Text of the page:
I haven’t written in a long time and it looks like it’s taken a big event, like a pandemic, to get me into wrting again.

I’m going to write this post in the form of a diary entry. These are very unusual times and I want to look back one day in the future and glimpse into the nightmare that’s been this lockdown.

Lets start with that.

We’ve been in lockdown since March 2020.

It’s been a strange experience at best. When China had already gone into lockdown and multiple European nations already had established Covid-19 transmission chains, Boris Johnson (the current PM) was publicly on TV telling people that he’d gone around in a hospital shaking hands with potentially Covid-19 infected patients.

It was then unsurprising that despite me raising this issue with my direct line management at the time, and asking to delay the move to London that I was supposed to be undergoing, that this situation was massively downplayed. I was told that as a senior software engineer I shouldn’t be causing panic and that the virus situation wasn’t so bad, etc. Well, I was panicking. Through my wife we’d kept up with news from China very closely and the situation looked VERY dire. China, more specifically initially Wuhan, went into full lockdown and later other regions of China did the same. I didn’t need science to know that when the one nation that’s gone through a very serious respiratory disease starts locking down, things are very serious.

But not in the UK.

The government downplayed it. And as such, the companies downplayed it.

I stood my ground. Before the company adopted a wide work from home policy in the UK (mind, other offices in other countries were already at different degrees of WFH - specifically Barcelona was already in full WFH), I told my manager I didn’t feel comfortable coming to the office given the number of cases in the UK and started working from home. We had to somehow make it sound like it was because of “special circumstances” as to not cause panic.

A few days later, the UK offices go into a full WFH policy. People are told to take their equipment home, including, if necessary, chairs, monitors, etc.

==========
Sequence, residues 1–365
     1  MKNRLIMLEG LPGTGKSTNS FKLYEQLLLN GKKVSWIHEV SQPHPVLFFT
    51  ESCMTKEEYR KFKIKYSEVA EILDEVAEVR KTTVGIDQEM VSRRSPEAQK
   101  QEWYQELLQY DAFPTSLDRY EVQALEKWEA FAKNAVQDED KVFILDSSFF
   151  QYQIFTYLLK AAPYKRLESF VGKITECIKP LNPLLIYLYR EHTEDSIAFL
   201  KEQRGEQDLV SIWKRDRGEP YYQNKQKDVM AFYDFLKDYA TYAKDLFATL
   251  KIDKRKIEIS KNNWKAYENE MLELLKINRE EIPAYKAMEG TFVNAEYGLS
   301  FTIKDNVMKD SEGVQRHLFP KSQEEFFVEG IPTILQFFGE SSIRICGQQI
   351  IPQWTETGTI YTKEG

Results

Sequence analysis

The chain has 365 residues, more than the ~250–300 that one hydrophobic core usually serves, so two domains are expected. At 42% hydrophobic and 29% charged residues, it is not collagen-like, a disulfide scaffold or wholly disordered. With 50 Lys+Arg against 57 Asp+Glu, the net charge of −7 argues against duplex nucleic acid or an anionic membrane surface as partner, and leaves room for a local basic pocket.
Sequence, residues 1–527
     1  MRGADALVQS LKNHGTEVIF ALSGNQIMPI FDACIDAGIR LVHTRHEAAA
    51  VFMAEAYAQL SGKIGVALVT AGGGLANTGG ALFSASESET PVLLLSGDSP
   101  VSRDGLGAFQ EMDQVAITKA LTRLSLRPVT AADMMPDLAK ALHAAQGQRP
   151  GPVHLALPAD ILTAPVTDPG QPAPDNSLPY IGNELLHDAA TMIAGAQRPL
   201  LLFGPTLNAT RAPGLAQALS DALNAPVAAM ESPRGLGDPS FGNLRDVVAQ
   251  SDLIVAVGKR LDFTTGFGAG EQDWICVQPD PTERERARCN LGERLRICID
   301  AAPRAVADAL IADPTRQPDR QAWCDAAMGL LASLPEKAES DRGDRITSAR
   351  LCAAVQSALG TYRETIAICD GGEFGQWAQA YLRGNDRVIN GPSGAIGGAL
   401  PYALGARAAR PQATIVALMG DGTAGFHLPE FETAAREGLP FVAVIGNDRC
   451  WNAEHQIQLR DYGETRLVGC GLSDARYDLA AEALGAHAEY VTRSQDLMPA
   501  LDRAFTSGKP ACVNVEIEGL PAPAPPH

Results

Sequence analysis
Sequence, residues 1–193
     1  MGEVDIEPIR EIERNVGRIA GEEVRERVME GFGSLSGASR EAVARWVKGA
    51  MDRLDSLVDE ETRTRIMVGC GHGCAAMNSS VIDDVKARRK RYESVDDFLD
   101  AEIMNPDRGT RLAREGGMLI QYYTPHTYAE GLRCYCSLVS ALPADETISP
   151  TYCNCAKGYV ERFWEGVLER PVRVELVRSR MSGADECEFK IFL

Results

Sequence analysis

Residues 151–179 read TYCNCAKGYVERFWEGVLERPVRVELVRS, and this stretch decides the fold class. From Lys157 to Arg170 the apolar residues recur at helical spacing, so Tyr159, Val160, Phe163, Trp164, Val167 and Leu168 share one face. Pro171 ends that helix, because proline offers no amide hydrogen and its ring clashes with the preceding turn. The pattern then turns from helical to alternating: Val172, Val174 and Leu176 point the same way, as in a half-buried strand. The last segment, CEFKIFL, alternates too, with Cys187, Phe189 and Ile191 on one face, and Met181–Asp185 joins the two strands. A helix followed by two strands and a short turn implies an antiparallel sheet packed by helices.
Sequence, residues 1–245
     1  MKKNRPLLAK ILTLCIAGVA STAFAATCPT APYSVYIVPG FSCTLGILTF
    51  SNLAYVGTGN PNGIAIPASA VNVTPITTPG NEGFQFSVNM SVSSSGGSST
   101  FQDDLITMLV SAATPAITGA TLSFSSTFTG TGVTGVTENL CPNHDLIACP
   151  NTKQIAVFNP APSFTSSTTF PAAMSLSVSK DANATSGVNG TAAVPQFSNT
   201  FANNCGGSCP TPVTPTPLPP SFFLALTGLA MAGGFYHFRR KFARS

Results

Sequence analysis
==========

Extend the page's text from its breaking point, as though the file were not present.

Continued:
At this stage, I was in a secondment to join a London office but this situation was very worrying to me. As I looked into the future I knew I didn’t want to be going to London any time soon, so after approaching my line managers and feeling that the situation had been fairly neglected from the beginning, and feeling somewhat misunderstood and that my worries were somehow being downplayed, I decided to stop my secondment prematurely.

Work-wise I entered a much better and stabler situation. I rejoined a team I had left, where I had a number of familiar faces, people I enjoy working with and a relatively uncomplicated software that I could sink my teeth into with much more ease.

Right now we’re 3 months into the lockdown. Life is hard. We’ve cancelled our oldest child nursery enrollment right at the beginning, before nurseries were even told to shutdown, and we’ve never looked back. I know he’s incredibly bored at times and misses his friends, but it’s for the best. We try hard to keep him entertained with puzzles, with different games, and with learning as well to make sure he’s on track to start school. But it’s hard. On everyone.

Better days will come, but not having anything in particular to look forward to (planned holidays, etc) is something that’s had a bit of an impact on mental health.